16. Repugnant Conclusion.Gustaf Arrhenius - 2013 - In Hugh LaFollette (ed.), The International Encyclopedia of Ethics. Wiley-Blackwell.
  17. Population Ethics and Metaethics.Gustaf Arrhenius - 2012 - Iride: Filosofia e Discussione Pubblica 25 (1):35-44.
    This paper focuses on the relations between population ethics and metaethics. Population ethics gives rise to well-known paradoxes, such as the paradox of mere addition. After presenting a version of this paradox, it is argued that a different way to dismantle it might be by considering it as a way to change our standard view of justification in moral theory. Two possible views are considered: a non-cognitivist approach to justification and to the explanation of inconsistency in morals; Parfit's suggestion that (...)
  18. Can the Person Affecting Restriction Solve the Problems in Population Ethics?Gustaf Arrhenius - 2009 - In M. A. Roberts & D. T. Wasserman (eds.), Harming Future Persons. Springer Verlag. pp. 289--314.
  19. Egalitarianism and Population Change.Gustaf Arrhenius - 2009 - In Axel Gosseries & Lukas H. Meyer (eds.), Intergenerational Justice. Oxford University Press.
  20. Life Extension Versus Replacement.Gustaf Arrhenius - 2008 - Journal of Applied Philosophy 25 (3):211-227.
    It seems to be a widespread opinion that increasing the length of existing happy lives is better than creating new happy lives although the total welfare is the same in both cases, and that it may be better even when the total welfare is lower in the outcome with extended lives. I shall discuss two interesting suggestion that seems to support this idea, or so it has been argued. Firstly, the idea there is a positive level of wellbeing above which (...)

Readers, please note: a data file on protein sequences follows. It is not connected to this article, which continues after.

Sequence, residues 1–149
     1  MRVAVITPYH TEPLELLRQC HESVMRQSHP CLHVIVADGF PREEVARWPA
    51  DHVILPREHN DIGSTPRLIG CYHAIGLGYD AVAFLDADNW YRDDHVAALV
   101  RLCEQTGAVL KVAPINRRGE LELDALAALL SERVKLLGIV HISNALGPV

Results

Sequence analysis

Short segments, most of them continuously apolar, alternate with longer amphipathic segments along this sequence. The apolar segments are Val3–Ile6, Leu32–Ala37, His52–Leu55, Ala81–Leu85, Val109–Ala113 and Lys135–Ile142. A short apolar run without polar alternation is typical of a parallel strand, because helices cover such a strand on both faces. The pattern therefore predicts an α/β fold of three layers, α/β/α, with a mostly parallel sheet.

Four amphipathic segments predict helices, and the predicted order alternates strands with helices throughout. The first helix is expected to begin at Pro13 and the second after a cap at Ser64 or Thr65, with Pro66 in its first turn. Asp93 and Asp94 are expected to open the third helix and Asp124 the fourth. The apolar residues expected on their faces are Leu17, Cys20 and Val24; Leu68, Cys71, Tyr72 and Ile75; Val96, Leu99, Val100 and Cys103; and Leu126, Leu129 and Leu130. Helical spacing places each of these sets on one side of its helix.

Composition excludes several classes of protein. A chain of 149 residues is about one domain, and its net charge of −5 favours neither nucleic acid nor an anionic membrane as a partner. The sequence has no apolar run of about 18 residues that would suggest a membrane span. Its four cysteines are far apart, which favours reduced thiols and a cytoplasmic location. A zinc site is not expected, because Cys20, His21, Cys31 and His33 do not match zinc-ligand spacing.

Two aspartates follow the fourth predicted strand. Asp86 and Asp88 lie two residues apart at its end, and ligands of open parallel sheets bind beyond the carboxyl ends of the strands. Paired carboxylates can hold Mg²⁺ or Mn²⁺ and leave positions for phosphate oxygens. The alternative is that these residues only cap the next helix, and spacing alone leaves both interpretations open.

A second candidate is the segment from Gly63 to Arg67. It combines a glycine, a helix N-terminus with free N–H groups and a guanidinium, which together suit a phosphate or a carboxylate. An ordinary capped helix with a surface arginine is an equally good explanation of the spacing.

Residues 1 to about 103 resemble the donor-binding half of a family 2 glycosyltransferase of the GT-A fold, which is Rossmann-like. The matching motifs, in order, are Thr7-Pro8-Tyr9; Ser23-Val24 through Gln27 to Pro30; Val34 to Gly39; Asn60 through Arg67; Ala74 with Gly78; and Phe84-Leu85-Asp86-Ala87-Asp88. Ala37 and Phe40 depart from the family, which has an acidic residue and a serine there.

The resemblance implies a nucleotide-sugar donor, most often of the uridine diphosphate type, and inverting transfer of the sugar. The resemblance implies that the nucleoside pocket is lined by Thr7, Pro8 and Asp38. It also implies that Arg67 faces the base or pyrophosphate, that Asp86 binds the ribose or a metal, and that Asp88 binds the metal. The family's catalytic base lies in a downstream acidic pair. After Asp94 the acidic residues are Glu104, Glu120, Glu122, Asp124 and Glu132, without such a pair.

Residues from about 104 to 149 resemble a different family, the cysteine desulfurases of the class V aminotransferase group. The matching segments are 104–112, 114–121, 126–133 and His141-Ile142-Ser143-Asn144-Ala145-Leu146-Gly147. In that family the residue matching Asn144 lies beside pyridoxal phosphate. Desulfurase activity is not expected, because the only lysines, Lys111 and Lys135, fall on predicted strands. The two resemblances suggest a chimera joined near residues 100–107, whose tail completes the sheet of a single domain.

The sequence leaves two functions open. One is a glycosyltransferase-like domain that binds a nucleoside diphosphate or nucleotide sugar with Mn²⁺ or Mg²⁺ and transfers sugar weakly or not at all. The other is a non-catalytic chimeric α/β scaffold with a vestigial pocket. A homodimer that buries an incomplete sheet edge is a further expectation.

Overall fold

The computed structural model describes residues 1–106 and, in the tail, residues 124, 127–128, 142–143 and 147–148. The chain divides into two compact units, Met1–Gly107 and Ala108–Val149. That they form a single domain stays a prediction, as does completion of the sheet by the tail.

21. The Person-Affecting Restriction, Comparativism, and the Moral Status of Potential People.Gustaf Arrhenius - 2003 - Ethical Perspectives 10 (3):185-195.
    Traditional ethical theories have paradoxical implications in regards to questions concerning procreation and our moral duties to future people. It has been suggested that the crux of the problem resides in an all too ‘impersonal’ axiology and that the problems of population axiology can be solved by adopting a ‘Person Affecting Restriction’ which in its slogan form states that an outcome can only be better than another if it is better for people. This move has been especially popular in the (...)
  22. Feldman's Desert-Adjusted Utilitarianism and Population Ethics.Gustaf Arrhenius - 2003 - Utilitas 15 (2):225.
    Fred Feldman has proposed a desert-adjusted version of utilitarianism,, as a plausible population axiology. Among other things, he claims that justicism avoids Derek Parfit's. This paper explains the theory and tries to straighten out some of its ambiguities. Moreover, it is shown that it is not clear whether justicism avoids the repugnant conclusion and that it is has other counter-intuitive implications. It is concluded that justicism is not convincing as a population axiology.
  23. An Impossibility Theorem for Welfarist Axiologies.Gustaf Arrhenius - 2000 - Economics and Philosophy 16 (2):247-266.
    A search is under way for a theory that can accommodate our intuitions in population axiology. The object of this search has proved elusive. This is not surprising since, as we shall see, any welfarist axiology that satisfies three reasonable conditions implies at least one of three counter-intuitive conclusions. I shall start by pointing out the failures in three recent attempts to construct an acceptable population axiology. I shall then present an impossibility theorem and conclude with a short discussion of (...)
  24. An Impossibility Theorem in Population Axiology with Weak Ordering Assumptions.Gustaf Arrhenius - 1999 - Philosophical Studies 49:11-21.
  25. Population Axiology.Gustaf Svante Henning Arrhenius - 2000 - Dissertation, University of Toronto (Canada)
    This thesis deals with population axiology, that is, the moral value of states of affairs where the number of people, the quality of their lives, and their identities may vary. Since, arguably, any reasonable moral theory has to take these aspects of possible states of affairs into account when determining the normative status of actions, the study of population axiology is of general import for moral theory. ;There has been a search underway for the last thirty years or so for (...)